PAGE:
Who is this player? Elias Sosa, relief pitcher, Montreal Expos A crucial member of the Montreal Expos relief corps, Elias Sosa appeared in a team-leading 67 games, ninth best in the National League. He won nine and saved nine, finishing the 1980 season with a 3.07 ERA as a setup man and sometime closer. Sosa defeated the Philadelphia Phillies three times in 1980 and helped setup a win on September 27th that virtually tied the Expos for the NL East lead. Unfortunately, Montreal was unable to overtake Philadelphia and the Expos lost the division on the final weekend.
Born in the Dominican Republic, the righthanded Sosa grew up idolizing Hall of Famer Juan Marichal of the San Francisco Giants. He followed Marichal's path to the major leagues when he was drafted by the Giants in 1968 and was a minor league standout. As a starter, he was among the league leaders in several categories and was named an All-Star. When he reached the bigs for good in 1973, he was used exclusively as a relief pitcher, a role that he would assume for the remainder of his career.
The hard-throwing, righthanded reliever had an outstanding season in his rookie year of 1973, possibly the best in his 12-year career. He won 10 and saved 18 and earned Rookie of the Year consideration. He finished third in appearances in fifth in saves and both would be career highs. The Giants traded Sosa to the St. Louis Cardinals after the 1974 season, and although effective, Sosa was consistently on the move, to Atlanta, Los Angeles and then Oakland before signing a free agent contract with Montreal before the 1979 season.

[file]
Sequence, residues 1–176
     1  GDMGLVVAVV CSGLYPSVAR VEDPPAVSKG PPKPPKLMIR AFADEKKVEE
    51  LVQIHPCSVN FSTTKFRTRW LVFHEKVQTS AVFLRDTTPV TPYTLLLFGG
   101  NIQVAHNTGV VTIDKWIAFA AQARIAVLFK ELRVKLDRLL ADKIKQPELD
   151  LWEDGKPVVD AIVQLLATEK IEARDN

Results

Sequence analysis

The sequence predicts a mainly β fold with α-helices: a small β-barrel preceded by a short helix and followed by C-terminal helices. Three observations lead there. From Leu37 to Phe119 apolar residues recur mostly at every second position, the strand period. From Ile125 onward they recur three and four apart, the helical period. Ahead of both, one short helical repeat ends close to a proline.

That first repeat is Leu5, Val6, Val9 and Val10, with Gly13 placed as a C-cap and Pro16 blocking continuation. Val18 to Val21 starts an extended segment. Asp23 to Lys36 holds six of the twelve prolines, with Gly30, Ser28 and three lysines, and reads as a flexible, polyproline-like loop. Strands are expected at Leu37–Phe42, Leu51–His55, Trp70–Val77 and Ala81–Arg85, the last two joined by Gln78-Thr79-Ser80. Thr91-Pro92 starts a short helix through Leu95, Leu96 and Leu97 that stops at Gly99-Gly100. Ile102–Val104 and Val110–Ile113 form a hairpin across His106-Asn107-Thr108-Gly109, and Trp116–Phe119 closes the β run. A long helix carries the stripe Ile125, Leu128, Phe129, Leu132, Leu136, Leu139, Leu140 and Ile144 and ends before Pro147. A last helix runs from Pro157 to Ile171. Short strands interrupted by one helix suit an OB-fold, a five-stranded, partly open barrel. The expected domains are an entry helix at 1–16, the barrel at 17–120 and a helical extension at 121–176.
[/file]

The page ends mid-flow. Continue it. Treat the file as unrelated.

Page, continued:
Sosa would spend four years in Montreal, fashioning a 2.70 ERA in his time north of the border and saving 30 games. He squabbled with Montreal management over his contract and they sent him to Detroit shortly before the 1982 season began. Despite Sparky Anderson's proclamations that Sosa would become the team's "stopper" in the bullpen, Sosa did not pitch well in Detroit and was sold to the San Diego Padres following the season. Elias would play one more season in the majors, 1983 before retiring at the age of 33.
After playing a few years in the Dominican Republic, Sosa attempted a comeback in 1987 with the independent San Jose Bees. At the time, the Bees were getting national attention for signing several former major leaguers. More recently, Sosa has been employed as a baseball diplomat, holding clinics and teaching the game to youngsters in Panama.
Why I love this card Another acknowledgement of the cartoon on the back. The bunting to signify the postseason could offer no better representation. To this day, the patriotic bunting either means Opening Day or the postseason. Not to sound unpatriotic, but it is the first thing that my mind goes to.
Something else.... Sosa appeared in the World Series as a member of the 1977 Los Angeles Dodgers. In Game 6, when Reggie Jackson famously hit three home runs, Sosa was the second pitcher that Jackson faced and homered off of. The other pitchers were Burt Hooton and Charlie Hough.
On this date in 1980:' Two games on this date go 13 innings. First, Montreal outlasts Chicago 8-7 in Montreal. The winning run comes when Bob Pate (in his major league debut) walks with the bases loaded to drive in Rodney Scott. The second game was in Detroit where the Tigers and Seattle Mariners go 13 innings tied at 3 before the game is called due to rain.
This blog is inspired by several influences; first, the other blogs dedicated to a single season of Topps sets and the folks at http://www.deanscards.com/, who provide a great resource of all years of cards (and from whom I stole the awesome header).
Mainly though, this blog is inspired by my Dad who during the summer of 1980, fully introduced me to the great game of baseball through these cards. Every one of these cards is somehow connected to a memory of that time.